ble, and fick, for want of re. Who want, whilst through blank life they besticicat fubfiftence; the opu

dream along, bances, and abuse of fuperfluity, Sense to be right, and Passion to be wrong. drone is meagre, pale, and

YOUNG. ; tbe nich one, overgrown, bloat

[To be continued.] r: lovely. In their lives they are

foas, defpiled, and unhap. Lectures on the universal principles and due ad their end is generally untimely ties of Religion and Morality, as they have

been read in Margaret Street, Cavendish artist ftrangers, and of character. ] Square, in the years 1776 and 1777. By

Towing fociety, especially if ing Rev. Duvid IVilliams. Printed for the ts are encouraged to settle, bad Author. 2 vols 410. Il. Iso Dodsley, 3 weli as good, will arise, or find London. [38. 526.]

-No induftrious community "I Quitted the customary offices of the bel advanced where strangers are profeflion to which I was educated, standing or cren discouraged. If good [says Mr Williams), for reasons which

157 are the most valuable acquifi. have been already aligned, (viz. in the I fociety; if bad, they cannot appendix [ 35. 197. ; - 36. 389., to the

among you: and their ex fecond edition of ETays on public worcoght not to feduce ; for the vili- ship). But, either because religion is Fires of vice are the ftrongest in- effential to the human mind, or because

et to virtue.-Thefe general cha- the habits of a profesion are, like all okof Virtue and Vice are not pre- thers, very difficult to be suspended, I mpicable to the individuals of could not rest satisfied out of my em

. There is a strange diversity ployment. On intimating my situation, store of Vice and Virtue, Wif. i had hopes given me of the most flatter

Folly, in the natural composi- ing encouragement. But on seeing iny d formed characters of men, and plan extended beyond the limits of the

se characters are changeable. By Christian church, [i.e. seeing the plan 12 vit man may play the fool, and was purely a Deislical one, - as the author

inay act a wise part. Neverthe- should have said in plain language), they is truth stands unalterable, That were withdrawn, and my papers were put

prosperous or unhappy, in pro- up: for I had none of the views of ReformF1 to the various degrees of Virtue ers and Apofiles; and it was my intention, epetailing in the total course of not to engage, until it appeared to be for tel. In real life there is a kind of the service and pleasure of others, as well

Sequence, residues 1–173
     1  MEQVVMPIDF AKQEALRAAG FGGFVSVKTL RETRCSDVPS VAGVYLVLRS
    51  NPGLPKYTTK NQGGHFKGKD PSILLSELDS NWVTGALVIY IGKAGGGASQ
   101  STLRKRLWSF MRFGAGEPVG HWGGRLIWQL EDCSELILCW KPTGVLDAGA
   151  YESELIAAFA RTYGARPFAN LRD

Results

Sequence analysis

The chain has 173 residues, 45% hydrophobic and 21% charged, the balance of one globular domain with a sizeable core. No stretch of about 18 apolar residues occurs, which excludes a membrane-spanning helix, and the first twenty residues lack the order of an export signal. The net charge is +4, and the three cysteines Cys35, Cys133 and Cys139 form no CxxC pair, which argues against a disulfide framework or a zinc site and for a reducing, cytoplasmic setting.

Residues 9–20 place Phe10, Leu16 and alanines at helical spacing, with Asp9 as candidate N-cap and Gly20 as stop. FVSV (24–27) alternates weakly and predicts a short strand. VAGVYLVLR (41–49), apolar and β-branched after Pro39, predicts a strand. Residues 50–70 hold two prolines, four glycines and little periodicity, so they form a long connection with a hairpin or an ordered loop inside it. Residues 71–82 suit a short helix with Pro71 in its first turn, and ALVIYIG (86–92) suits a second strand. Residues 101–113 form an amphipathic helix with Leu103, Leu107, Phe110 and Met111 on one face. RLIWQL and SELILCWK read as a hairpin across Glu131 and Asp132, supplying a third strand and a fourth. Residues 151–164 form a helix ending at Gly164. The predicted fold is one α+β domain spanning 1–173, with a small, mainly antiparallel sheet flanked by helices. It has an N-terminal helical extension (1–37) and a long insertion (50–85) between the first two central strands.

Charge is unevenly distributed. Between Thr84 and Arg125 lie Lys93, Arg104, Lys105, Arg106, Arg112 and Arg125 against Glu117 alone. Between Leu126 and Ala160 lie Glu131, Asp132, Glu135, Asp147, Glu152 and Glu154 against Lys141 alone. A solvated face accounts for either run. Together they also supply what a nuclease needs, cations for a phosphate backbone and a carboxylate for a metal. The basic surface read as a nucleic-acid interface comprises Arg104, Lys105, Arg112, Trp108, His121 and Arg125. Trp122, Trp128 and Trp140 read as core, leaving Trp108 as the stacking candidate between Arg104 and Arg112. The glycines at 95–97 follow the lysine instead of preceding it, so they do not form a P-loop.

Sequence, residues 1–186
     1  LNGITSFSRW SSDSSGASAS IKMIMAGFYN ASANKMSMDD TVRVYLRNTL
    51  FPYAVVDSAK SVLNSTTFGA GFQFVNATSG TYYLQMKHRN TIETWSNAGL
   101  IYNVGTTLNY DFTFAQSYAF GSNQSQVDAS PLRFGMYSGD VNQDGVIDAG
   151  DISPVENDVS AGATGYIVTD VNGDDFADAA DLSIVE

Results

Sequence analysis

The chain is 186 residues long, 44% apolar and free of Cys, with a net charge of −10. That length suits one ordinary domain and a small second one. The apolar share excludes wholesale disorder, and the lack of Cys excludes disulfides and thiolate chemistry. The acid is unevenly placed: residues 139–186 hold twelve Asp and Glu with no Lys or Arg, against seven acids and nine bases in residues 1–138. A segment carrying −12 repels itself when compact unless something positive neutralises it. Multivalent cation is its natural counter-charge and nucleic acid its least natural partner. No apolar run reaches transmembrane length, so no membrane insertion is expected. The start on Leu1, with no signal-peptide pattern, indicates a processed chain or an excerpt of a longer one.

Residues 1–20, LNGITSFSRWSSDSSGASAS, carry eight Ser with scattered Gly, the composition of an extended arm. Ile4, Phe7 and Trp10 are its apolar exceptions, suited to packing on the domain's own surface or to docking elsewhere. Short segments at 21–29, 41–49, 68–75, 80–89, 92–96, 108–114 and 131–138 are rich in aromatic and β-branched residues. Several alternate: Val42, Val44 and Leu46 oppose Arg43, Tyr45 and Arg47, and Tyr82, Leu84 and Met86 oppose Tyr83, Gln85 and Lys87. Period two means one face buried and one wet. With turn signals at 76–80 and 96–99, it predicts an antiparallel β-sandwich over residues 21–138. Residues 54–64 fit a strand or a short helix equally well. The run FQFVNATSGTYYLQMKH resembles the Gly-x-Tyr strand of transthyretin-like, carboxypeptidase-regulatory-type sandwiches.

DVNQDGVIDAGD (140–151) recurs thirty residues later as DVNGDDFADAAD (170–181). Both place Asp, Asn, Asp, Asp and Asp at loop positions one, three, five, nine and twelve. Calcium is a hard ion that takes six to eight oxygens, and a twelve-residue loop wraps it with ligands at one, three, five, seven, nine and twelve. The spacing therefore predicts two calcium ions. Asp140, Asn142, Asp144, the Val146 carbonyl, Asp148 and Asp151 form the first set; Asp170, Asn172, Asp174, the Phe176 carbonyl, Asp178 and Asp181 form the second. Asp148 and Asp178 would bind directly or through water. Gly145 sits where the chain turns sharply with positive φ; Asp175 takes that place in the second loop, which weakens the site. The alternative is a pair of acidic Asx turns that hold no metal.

diate character between Virtue as my own.” Cice; a flat mediocrity, which per. This confeßion is a very frank one;

ands more in the world than and we give him full and unreserved creThese men are just in their deals dit for the truth of it. The children of

gent in their vocations, and re- light are not always wife in their generafatheir conduct; yet they cherish tion. But Mr Williams, who had rem de gracious affections which form nounced all pretensions to their characanders of Virtue; the public. ter, was refolved not to act on their plan. the citizen, the bountiful malter, The heroic pasion of foul-living (as Ld feder father, or chief of a family ; Shaftesbury ironically termed it) mingled

ping friend, the charitable or ge- not with his principles, and had no thare e, Laan, the kind and obliging neigh. at all in “ the institution in Margaret - izes. It is true, that although they street.” Aos ad $w -. “Give me where to

in those graces of Virtue, they ftand, (as Mr Williams might be suppo- 2 branded with any scandalous sed to say), - but I will have folid

They are a numerous class of ground : or I will lock up all my inftruand in all ranks. As they are ge- ments. I have not the wings of the A2 lerous, dull men, and always postles. I cannot work by their faith, nor

they thrive, and make money, live on their hopes.” fattnowing any real use of it; and After reprobating the designs of fanae at any intention of public good, tics and missionaries in their attempts to Peter ail, uieful drudges in society, reform churches and kingdoms, he tells